Sunday 26 March 2017

Retirement age limit of 50 opens door for younger refs, says Curley

Inter-county referees David Coldrick, Brian Gavin and Pat McEnaney at the launch of the GAA's Referee Development Plan
Inter-county referees David Coldrick, Brian Gavin and Pat McEnaney at the launch of the GAA's Referee Development Plan
Martin Breheny

Martin Breheny

THE age of eligibility for the Old Age Pension may be headed upwards but from next year GAA inter-county referees will have to hand in their whistles earlier than ever before.

From January 1 next, 50 years of age will be the cut-off point for referees as the GAA reacts to the added physical pressures on officials while also clearing the opportunity channels for a younger generation.

Up to now, there was no age restriction, but as part of an overall development plan for the next five years, the National Referees Committee (NRC) recommended the change. It's expected that eight to 10 referees will drop off the inter-county panel on age grounds next January. They will, however, be allowed to continue at club level.

NRC chairman Mick Curley said the change would offer younger referees an opportunity to advance their careers. It was also felt that the physical demands on inter-county referees had become so great that it wasn't appropriate to continue beyond 50 years of age.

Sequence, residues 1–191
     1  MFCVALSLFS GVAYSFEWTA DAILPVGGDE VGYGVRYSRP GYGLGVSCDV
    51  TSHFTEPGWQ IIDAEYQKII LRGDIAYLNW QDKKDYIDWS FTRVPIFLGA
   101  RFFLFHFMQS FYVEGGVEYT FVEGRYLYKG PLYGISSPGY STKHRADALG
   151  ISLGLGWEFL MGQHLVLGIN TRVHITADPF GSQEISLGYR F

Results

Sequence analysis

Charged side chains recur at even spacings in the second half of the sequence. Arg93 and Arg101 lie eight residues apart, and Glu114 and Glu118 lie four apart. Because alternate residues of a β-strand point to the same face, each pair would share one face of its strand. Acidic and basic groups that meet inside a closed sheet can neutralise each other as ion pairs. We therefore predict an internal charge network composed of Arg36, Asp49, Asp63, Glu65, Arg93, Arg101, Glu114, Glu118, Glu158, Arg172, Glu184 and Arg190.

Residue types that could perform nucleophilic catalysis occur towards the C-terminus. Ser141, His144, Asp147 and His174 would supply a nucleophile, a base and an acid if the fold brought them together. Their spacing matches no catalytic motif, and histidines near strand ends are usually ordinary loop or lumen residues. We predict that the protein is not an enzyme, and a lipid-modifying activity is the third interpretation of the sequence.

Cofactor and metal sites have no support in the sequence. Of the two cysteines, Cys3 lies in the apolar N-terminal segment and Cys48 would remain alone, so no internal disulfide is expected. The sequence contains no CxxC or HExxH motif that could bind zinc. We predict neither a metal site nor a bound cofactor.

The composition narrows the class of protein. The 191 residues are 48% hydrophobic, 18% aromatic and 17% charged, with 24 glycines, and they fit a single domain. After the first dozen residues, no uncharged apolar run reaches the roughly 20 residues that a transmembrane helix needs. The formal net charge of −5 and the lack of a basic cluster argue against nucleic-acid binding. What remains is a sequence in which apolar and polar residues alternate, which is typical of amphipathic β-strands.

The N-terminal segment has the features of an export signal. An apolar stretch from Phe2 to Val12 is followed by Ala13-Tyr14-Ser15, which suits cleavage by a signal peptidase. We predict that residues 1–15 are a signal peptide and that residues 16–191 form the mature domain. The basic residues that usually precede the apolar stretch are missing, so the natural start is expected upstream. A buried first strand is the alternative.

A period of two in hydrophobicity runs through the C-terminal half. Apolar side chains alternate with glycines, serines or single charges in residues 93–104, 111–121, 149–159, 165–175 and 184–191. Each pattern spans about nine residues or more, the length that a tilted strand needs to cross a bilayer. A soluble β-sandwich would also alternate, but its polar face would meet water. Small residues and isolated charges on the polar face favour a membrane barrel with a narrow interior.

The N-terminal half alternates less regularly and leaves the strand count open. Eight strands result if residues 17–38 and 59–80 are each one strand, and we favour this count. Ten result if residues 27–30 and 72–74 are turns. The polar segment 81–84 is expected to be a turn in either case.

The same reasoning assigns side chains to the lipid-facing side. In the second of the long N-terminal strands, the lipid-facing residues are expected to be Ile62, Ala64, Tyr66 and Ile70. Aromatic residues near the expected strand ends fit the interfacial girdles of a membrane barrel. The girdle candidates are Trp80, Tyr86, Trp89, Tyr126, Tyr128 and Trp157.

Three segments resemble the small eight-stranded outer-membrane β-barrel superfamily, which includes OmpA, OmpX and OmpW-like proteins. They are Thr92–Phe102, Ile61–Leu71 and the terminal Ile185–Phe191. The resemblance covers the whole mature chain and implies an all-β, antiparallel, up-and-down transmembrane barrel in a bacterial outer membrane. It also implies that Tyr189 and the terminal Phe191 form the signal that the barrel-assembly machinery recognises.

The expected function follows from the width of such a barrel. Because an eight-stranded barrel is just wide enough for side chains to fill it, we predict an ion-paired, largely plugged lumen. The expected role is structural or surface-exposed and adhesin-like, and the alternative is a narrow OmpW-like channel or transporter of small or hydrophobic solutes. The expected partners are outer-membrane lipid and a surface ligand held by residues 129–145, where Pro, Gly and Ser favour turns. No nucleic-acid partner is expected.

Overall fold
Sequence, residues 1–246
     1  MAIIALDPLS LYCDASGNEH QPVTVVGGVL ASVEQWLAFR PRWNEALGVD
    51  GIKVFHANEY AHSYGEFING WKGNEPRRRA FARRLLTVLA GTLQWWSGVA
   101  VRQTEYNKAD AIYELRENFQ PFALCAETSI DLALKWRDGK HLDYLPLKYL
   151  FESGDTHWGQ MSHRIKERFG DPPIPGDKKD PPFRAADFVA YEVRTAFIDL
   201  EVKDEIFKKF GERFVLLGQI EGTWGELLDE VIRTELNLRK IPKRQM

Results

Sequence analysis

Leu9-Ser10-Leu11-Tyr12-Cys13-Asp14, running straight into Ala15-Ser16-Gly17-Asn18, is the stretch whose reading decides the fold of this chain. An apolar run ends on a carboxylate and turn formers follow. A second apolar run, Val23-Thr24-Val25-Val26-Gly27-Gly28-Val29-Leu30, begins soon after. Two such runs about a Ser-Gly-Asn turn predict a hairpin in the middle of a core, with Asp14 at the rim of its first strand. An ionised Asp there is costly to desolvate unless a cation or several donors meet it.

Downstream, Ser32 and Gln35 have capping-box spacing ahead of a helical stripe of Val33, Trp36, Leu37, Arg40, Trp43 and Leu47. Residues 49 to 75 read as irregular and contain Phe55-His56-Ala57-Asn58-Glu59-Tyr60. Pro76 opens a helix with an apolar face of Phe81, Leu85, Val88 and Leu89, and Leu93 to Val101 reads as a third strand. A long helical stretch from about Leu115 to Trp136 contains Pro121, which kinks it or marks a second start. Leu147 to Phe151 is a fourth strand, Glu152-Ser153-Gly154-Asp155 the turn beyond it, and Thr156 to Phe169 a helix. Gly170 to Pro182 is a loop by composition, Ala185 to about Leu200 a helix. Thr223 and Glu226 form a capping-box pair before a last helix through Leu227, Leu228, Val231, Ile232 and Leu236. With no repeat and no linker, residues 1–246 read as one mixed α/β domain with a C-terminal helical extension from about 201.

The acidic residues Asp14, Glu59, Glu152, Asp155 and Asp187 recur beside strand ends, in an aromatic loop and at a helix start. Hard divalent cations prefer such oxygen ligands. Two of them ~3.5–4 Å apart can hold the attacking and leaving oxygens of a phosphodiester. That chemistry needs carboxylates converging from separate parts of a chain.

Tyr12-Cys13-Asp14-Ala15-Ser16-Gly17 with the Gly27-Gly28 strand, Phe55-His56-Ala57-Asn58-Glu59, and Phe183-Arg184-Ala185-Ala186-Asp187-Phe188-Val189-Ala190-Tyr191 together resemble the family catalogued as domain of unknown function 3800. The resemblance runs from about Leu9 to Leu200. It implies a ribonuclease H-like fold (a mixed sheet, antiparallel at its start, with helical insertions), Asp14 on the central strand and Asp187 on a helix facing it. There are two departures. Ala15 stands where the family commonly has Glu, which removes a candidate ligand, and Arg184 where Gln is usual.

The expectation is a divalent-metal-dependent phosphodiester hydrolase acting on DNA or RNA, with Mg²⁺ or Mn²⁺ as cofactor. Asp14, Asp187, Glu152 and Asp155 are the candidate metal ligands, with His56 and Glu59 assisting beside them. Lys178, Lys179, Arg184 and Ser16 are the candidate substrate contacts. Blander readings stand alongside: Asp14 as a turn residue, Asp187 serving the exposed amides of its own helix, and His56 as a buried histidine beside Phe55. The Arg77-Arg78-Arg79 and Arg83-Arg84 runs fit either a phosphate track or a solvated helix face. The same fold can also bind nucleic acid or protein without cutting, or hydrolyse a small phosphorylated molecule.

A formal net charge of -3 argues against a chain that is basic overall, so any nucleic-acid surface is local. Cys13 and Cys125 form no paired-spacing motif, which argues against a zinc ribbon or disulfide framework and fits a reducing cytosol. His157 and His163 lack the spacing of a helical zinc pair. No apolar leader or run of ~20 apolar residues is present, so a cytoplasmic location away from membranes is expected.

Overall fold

It's estimated that, over the course of a game, a referee will cover two-thirds as much ground as a midfielder, underlining just how tough the job is before he even starts making difficult decisions. Curley, a former All-Ireland referee, retired at the age of 51.

training

"It was the right time for me to go. I had done what I wanted to do and I found it difficult at times to keep the training up to the level that was required," Curley said.

The age limit was welcomed by top football referee Pat McEnaney, who will be forced out of the inter-county scene in January 2012.

"There are too many referees over 50 who are clogging up the system. We are not getting our younger referees through quickly enough," he said. "We've got some good young lads coming through.

"We have Padraig Hughes from Armagh, Rory Hickey from Clare, Joe McQuillan (Cavan) is still a young lad, Cormac Reilly from Meath as well. And then there's David Coldrick (Meath), he's still a young referee. We're in good hands."

The plan is for referees who retire at 50 to become tutors and assessors, thereby utilising the vast experience they have gained throughout their careers.

Meanwhile, a new classification system for referees is to be introduced between the end of this year's leagues and the start of the championship. It's expected that around 15 football and 10 hurling referees will be categorised as senior championship referees, with others classed as stand-by referees, linesmen and sideline officials.

Irish Independent

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